October 24, 2014 at 5:15 pm

PBIO Colloquium: ‘Conservation of Protein Function across Land Plants,’ Oct. 24

The Environmental & Plant Biology Colloquium Series presents Dr. Ralph S. Quatrano on “Conservation of protein function across land plants: What has the moss system revealed about the roles of the proteins ABI3 and DEK1 in desiccation tolerance and cell polarity?” on Friday, Oct. 24, at 11:50 a.m. in Porter Hall 104.

DR. Ralph Quatrano

Dr. Ralph Quatrano

Quatrano is Dean of Engineering and Applied Science and Spencer T. Olin Professor of Biology at Washington University in St. Louis.

Abstract: It is becoming clear that with the increasing number of plant genomes being sequenced, we are finding proteins in non-vascular plants that are similar to those in seed plants. More recently, comparative functional studies have elucidated that a few of these proteins in non-seed plants may exhibit more ancient functional mechanisms, which are related to their role in seed plants. The moss Physcomitrella patens is an excellent model system that can be used for functional comparisons across the plant kingdom, since its genome is well annotated (, and one can apply efficient gene transfer/insertion technology to test specific gene function from different origins. Two such genes from P. patens will be discussed: defective kernel-1 (dek1) and abscisic acid insensitive 3 (abi3).

Our recent studies on cellular morphogenesis have focused on DEK1, a highly conserved trans-membrane protein found as a signal copy gene in all plants surveyed in the green plant lineage (Liang et al.). It is also required for early seed development, since when absent, the aleurone layer does not form due to an aberrant cell division pattern. Deletion of this gene in P. patens, which lacks seeds, leads to the mis-orientation of cell divisions leading to the lack of a proper meristem and three-dimensional growth of the bud (Perroud et al.). Further evidence will be presented in the seminar. We are now attempting to identify proteins that complex with the cytoplasmic domain and/or the outer loop of DEK1, and their role in controlling the direction, duration and distribution of cell divisions.

Our second major area of research is centered on the gene networks that control desiccation tolerance in seeds. The phytohormone abscisic acid (ABA) and the highly conserved regulatory protein ABI3 are both required for seeds to tolerate desiccation (Yotsui et al.). Both ABA and ABI3 are found in moss, and as in seeds, are both required for desiccation tolerance in P. patens (Khandelwal et al.). Our working hypothesis is that gene regulatory pathways that include both ABA and ABI3 originally evolved for cellular protection from water deficits but independently have been used to provide desiccation tolerance in vegetative tissues of bryophytes and in angiosperm seeds.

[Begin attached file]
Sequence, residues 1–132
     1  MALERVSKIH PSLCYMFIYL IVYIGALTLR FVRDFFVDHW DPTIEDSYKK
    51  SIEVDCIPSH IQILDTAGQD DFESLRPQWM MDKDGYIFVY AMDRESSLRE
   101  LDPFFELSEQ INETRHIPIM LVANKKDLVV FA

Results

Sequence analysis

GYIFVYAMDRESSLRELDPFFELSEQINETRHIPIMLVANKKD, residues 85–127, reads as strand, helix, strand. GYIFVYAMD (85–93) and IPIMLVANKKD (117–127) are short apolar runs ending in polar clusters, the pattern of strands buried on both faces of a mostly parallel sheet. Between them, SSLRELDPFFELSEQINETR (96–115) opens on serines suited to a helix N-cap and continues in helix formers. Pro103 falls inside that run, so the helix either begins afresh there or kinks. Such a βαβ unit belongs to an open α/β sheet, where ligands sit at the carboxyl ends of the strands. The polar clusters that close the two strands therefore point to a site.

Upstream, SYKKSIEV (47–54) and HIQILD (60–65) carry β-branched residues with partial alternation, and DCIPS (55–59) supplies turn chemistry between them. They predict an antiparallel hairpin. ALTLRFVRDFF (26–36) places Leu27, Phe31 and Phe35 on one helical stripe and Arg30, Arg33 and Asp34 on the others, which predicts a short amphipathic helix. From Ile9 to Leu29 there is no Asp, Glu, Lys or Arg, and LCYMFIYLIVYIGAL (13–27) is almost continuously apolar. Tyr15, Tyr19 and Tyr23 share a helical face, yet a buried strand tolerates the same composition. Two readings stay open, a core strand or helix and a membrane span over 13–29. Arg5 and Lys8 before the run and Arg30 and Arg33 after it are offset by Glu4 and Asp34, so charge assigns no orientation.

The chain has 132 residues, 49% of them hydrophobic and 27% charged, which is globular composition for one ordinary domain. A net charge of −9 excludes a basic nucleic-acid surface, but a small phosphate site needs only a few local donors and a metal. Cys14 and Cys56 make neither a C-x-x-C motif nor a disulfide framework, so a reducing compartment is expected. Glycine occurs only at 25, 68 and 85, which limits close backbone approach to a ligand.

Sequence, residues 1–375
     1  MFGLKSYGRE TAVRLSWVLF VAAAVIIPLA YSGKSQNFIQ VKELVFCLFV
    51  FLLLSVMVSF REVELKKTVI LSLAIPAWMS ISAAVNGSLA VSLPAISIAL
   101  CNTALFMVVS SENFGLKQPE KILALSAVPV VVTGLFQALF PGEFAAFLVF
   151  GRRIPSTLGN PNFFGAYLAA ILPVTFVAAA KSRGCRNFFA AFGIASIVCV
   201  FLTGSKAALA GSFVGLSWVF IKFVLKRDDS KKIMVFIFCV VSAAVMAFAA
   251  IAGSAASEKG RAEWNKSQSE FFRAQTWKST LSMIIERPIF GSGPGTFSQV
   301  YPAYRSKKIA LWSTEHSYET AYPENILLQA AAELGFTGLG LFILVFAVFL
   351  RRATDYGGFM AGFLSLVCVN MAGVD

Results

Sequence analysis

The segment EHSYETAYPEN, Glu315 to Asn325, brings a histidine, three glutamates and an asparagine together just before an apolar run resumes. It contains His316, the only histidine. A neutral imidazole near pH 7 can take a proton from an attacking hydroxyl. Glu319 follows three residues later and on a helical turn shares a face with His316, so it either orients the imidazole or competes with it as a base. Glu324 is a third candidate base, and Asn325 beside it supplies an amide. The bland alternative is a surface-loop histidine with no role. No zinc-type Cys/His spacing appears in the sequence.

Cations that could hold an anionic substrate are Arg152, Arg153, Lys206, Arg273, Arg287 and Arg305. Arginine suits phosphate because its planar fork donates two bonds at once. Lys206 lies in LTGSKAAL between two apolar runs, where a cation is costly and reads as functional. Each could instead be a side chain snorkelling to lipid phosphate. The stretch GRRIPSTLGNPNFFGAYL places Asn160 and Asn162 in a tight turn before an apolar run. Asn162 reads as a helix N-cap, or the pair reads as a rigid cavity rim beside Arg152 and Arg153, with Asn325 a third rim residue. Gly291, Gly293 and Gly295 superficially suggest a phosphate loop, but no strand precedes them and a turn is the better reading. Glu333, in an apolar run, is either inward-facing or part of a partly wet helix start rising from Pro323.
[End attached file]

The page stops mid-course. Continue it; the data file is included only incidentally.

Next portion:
Selected Publications

Khandelwal, A., Cho, S. H., Marella, H., Sakata, Y., Perroud, P-F., Pan, A. and Quatrano, R.S. (2010). Role of ABA and ABI3 in desiccation tolerance. Science, 327: 546.

Yotsui, I., Saruhashi, M., Kawato, T., Taji, T., Hayashi, T., Quatrano, R. and Sakata, Y. (2013). ABI3 regulates ABA-responsive gene expression by interacting with the NF-Y complex in Physcomitrella patens. New Phytologist, 199: 101-109.

Liang, Z., Demko, V., Wilson, R., Johnson, K., Rafi, A., Perroud, P-F., Quatrano, R.S., Sen, Z., Shalchian-Tabrizi, K., Otegui, M., Olsen, O-A. and Johansen, W. (2013). The catalytic domain CysPc of the DEK1 calpain is functionally conserved in land plants. Plant Journal, 75: 742-754.

Perroud, P-F., Demko, V., Johansen, W., Wilson,R, Olsen, O-A. and Quatrano, R.S. (2014). Defective Kernel 1 (DEK1) is required for three-dimensional growth in Physcomitrella patens. New Phytologist, 203: 794-804.

Demko, V., Perroud, P-F., Johansen, W., Delwiche, C., Cooper, E., Remme, P., Ako, A., Kugler, K., Mayer, K., Quatrano, R., and Olsen, O-A.  (2014).  Genetic analysis of DEK1 Loop function in three-dimensional body patterning in Physcomitrella patens.  Plant Physiology.  In Press.

Upcoming Colloquia

Oct. 31, Dr. Bruce Kohorn, Linnean Professor of Biology and Biochemistry and Director of Biochemistry at Bowdoin College in Brunswick, ME, on “Wall Associated Kinases As Pectin Receptors Mediate Both Growth And Stress Responses By Distinct Pathways.”

Nov. 14, Dr. Cynthia Looy, Assistant Professor of Integrative Biology at the University of California, Berkeley

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